Truth About Animal Testing

Bear in mind that animal testing is not just in the beauty industry alone. Animals, particularly rabbits, mice, guinea pigs, hamsters, cats, dogs, and non-human primates, have been used for years in testing across different industries, particularly the pharmaceutical industry.

For example, a single product can require as many as 12,000 animals during the testing phase before registration.

In the US, over 100 million animals are poisoned, burned, crippled, and abused in the labs every year. Interestingly, there’s no official figure of the animals that are used in testing. It’s believed that over 90 percent of animals used in testing are not included in the official statistics.

One of the key hurdles is that the law requires some testing to be done on animals, particularly in the pharmaceutical industry. Even the animals covered under the Animal Welfare Act (AWA) can be abused. Regrettably, the law doesn’t require the use of alternatives, even when they’re available.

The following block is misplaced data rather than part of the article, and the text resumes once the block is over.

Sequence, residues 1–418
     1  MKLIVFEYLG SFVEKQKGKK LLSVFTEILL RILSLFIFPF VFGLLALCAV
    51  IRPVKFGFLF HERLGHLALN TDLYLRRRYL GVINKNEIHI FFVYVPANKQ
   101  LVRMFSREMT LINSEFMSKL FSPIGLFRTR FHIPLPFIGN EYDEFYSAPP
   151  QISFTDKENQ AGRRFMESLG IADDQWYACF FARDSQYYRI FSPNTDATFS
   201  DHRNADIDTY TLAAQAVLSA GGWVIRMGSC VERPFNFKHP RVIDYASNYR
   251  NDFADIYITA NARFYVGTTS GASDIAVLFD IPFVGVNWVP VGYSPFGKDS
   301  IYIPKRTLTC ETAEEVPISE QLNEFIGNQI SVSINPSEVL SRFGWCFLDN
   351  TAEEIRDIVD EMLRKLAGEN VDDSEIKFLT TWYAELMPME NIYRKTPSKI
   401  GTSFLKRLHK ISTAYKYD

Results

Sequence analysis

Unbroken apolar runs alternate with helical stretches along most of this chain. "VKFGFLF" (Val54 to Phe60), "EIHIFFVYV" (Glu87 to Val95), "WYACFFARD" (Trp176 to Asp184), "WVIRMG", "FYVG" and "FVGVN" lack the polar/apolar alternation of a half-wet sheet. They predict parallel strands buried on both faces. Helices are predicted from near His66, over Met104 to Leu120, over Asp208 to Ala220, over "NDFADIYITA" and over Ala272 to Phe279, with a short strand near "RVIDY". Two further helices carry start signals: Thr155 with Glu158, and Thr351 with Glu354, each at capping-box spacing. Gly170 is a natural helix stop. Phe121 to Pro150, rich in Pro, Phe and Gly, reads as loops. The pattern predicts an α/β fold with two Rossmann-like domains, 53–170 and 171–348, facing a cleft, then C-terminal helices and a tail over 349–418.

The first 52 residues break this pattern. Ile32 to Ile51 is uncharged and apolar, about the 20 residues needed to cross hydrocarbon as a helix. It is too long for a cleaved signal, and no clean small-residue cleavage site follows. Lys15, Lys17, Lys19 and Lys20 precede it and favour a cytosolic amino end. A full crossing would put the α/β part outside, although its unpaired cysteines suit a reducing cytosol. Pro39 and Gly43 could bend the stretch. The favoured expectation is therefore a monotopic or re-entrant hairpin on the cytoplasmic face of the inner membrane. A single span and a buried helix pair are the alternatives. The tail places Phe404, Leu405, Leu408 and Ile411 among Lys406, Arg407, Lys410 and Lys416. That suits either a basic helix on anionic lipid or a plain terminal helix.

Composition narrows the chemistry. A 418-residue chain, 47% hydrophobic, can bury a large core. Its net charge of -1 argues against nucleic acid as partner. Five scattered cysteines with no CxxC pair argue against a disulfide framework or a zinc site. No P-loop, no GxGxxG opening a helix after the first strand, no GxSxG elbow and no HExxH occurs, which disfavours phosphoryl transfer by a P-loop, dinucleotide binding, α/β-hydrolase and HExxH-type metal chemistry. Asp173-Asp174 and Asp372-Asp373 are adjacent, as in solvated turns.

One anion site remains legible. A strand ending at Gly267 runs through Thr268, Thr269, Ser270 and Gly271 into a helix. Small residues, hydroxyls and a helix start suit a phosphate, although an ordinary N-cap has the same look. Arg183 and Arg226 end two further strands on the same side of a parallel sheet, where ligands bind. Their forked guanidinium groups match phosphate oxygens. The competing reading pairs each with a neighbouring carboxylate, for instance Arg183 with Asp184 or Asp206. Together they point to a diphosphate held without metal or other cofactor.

However, all is not gloomy - some countries, such as India, Norway, Turkey, and Israel, have already banned animal testing in cosmetics. There are many alternatives that brands can use instead of animal testing, including In-Vitro testing, computer modeling, human-patient simulators, and human volunteers.

How to Tell if a Brand is Cruelty-Free?


So, how can you know that a product or brand is cruelty-free? Of course, there are certifying organizations such as Leaping Bunny that can be used for validation. Here are some key Q&As you should know when shopping for cruelty-free beauty products:

1. Does the brand test their finished products on animals?

Whatever product you’re considering buying, ensure the brand doesn’t test their products on animals. Even if the brand has different product lines, ensure none of their products or partners they work with are not involved in animal testing.